The American Heart Association’s 2022 Greater Atlanta Heart Walk will take place on Saturday, September 10 at 8:30 a.m. at the Battery Atlanta, and more than 7,500 Atlantans are expected to raise heart health awareness and funds at the event.
Jeff Buzzelli, Senior Vice President of Comcast Business, will be the chair of the event. Comcast Business will serve as the event presenting sponsor for the second year.
Other sponsors include Wellstar Health System, Northside Hospital, ADP, Southern Company, Emory Healthcare, Home Depot, SA White Oil Company, and Burns and McDonnell.
The Courier spoke with Buzzelli about the walk and about his role and the role of Comcast in the event.
When asked to describe his role at Comcast, Buzzelli said, “I run the Comcast business division, based here in Atlanta. Truist Park is our division headquarters.”
“And the Comcast business group that I’m responsible for provides Internet, phone and other highly tactical telecom and other services to small businesses, all the way up to Fortune 500 companies.”
“So we have big customers like NCR, Delta Airlines, in addition to kind of the average small business: doctor’s offices, auto, auto shops, things of that nature,” he said. “And we’ve grown significantly.”
“We’re about 15 years old as a division within Comcast,” Buzzelli said. “So we’re one of the newer businesses when we got into the commercial space.”
“And we’ve been really in high growth mode, on a run rate close to about $10 billion in revenue to really making a difference from a growth perspective in the marketplace, and a big part of the growth within the Comcast company overall,” he said.
About the American Heart Association’s Greater Atlanta Heart Walk and his role within the event, Buzzelli said, “I joined the board about five years ago, we had done some things with the American Heart Association, but they had a focus on getting more of the big strategic companies within the Atlanta DMA (Designated Market Area) to kind of come on board and be more participative in a lot of the efforts that the American Heart Association is doing and benefiting citizens of Georgia with.”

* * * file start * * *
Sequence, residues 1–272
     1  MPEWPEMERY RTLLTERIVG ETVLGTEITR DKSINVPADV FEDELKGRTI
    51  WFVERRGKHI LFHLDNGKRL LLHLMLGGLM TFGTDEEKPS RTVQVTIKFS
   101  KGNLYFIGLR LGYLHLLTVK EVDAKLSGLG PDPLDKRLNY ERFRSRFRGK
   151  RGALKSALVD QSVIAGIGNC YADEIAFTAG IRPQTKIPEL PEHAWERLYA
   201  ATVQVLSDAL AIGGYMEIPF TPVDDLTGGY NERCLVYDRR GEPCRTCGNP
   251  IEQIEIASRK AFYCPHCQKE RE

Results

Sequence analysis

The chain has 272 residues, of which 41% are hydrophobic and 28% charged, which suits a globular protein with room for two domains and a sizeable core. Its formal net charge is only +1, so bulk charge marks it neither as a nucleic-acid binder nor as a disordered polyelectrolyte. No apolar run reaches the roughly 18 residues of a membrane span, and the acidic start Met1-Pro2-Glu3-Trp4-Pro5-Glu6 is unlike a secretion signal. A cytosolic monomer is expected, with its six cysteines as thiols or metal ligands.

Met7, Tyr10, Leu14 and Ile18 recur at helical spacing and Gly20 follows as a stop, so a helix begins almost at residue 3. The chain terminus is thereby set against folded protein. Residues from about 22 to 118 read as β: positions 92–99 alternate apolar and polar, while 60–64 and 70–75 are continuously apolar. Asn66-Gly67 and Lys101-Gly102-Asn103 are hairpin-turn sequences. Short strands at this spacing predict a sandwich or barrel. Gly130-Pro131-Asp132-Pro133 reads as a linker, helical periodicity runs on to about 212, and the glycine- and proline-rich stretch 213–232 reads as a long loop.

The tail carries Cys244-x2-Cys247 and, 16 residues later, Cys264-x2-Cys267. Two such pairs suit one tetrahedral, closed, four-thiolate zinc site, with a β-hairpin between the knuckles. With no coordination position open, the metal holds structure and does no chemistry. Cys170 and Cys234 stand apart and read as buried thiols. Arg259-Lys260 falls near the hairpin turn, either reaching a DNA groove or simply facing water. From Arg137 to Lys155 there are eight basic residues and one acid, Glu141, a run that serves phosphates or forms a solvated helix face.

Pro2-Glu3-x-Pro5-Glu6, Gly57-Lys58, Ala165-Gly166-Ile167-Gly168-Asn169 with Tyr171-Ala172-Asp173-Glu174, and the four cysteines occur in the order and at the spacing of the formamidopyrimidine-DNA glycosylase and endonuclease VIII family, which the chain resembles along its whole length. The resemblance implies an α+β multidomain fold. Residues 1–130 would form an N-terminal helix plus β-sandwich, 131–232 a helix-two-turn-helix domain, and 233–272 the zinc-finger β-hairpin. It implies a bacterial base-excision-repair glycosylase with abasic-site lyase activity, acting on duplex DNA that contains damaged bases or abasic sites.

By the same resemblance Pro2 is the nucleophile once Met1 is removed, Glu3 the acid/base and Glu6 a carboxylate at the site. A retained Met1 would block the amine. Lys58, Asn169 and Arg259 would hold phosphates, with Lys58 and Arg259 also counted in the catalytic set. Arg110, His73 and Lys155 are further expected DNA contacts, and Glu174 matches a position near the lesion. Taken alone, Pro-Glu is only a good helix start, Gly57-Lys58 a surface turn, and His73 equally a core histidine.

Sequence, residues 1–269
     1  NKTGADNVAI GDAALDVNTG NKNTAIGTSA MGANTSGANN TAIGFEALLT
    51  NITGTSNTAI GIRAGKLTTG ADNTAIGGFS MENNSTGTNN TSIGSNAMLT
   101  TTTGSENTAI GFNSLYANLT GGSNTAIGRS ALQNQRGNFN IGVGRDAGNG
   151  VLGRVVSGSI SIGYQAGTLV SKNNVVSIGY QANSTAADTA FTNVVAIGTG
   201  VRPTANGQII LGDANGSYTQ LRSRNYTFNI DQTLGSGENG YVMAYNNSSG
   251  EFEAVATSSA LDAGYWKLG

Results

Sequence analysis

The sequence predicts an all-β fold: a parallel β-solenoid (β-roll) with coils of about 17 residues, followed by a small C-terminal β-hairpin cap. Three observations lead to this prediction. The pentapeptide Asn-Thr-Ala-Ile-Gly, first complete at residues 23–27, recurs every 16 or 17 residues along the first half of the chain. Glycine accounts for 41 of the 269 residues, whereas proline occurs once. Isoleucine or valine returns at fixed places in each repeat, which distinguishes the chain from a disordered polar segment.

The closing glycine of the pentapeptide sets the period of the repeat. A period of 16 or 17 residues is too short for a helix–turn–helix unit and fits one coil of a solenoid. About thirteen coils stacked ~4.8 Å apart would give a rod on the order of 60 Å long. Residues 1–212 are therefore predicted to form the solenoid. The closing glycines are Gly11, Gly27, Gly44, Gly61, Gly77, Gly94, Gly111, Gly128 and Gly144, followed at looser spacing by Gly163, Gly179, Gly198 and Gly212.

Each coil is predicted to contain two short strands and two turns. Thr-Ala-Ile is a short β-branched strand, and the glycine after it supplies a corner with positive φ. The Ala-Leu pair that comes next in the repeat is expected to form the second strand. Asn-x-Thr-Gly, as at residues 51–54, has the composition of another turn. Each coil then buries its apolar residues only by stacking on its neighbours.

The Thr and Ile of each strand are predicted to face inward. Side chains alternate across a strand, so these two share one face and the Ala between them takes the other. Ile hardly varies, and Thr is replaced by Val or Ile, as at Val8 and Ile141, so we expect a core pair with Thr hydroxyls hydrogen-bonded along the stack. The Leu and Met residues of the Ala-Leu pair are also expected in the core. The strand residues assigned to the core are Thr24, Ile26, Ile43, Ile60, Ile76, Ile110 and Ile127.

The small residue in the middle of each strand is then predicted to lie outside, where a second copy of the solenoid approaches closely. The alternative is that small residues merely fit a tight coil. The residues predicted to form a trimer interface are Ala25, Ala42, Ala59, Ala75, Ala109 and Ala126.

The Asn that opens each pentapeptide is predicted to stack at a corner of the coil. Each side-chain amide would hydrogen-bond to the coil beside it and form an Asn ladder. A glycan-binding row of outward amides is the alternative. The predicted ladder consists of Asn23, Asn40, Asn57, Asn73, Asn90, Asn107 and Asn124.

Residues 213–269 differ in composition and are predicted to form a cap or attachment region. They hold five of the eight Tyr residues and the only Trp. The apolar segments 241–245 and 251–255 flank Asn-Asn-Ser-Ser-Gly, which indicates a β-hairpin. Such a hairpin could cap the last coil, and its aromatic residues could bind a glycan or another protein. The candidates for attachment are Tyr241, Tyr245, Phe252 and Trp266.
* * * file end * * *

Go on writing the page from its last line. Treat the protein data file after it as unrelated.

He said that when the heart association approached him he saw it as a great opportunity, since one of the verticals Comcast was involved in was medical.
“We’re seeing massive growth in that segment,” Buzzelli said. “And so I have an interest there.”
“But also it fits with our mantra about delivering healthy lifestyles for our employees, and we pride ourselves on great benefits, but living a healthy lifestyle is one of the things we talk about a lot with our employee groups.”
“And so the Heart Association … they stand for that big time, the heart health, the stroke health and all the things they’re doing in the market with research and awareness to help people avoid these really catastrophic kind of illnesses.”
“It just was a good match for me, and I was looking to figure out a way to help make a difference in the community,” he said.
The Courier asked what participants in the walk could expect on the day of the event.
He said that a really big turnout was expected.
“Obviously, the last few years with the pandemic, we had to move to more hybrid or virtual events,” he said. “This event we think, will get back to kind of, you know, 2018, 2019 time period where we had large groups of employees representing their companies.”
“So there’s a lot of company pride that different companies come in with their T shirts, and they get everybody ready in the morning,” he said. “So we’re expecting a big crowd from the Comcast team.”
“One of the things a lot of folks don’t realize is there’s even things that the Heart Association does around food safety and food security for families in need,” Buzzelli said. “A lot of the money raised for the Heart Walk goes to things like that, in addition to all the heart and stroke care research.”
Buzzelli said that on a personal note, his wife had required critical heart care because of a blood clot, and her treatment was done at Northside Hospital and Emory Health Care.
“The Heart Association supporting the research and the support for those organizations is so critical,” he said. “My wife got just phenomenal care from the Emory team.”
“They saved her life actually, because she had a really urgent kind of situation,” said Buzzelli. “And it just gave me a new appreciation of how important this is in the community.”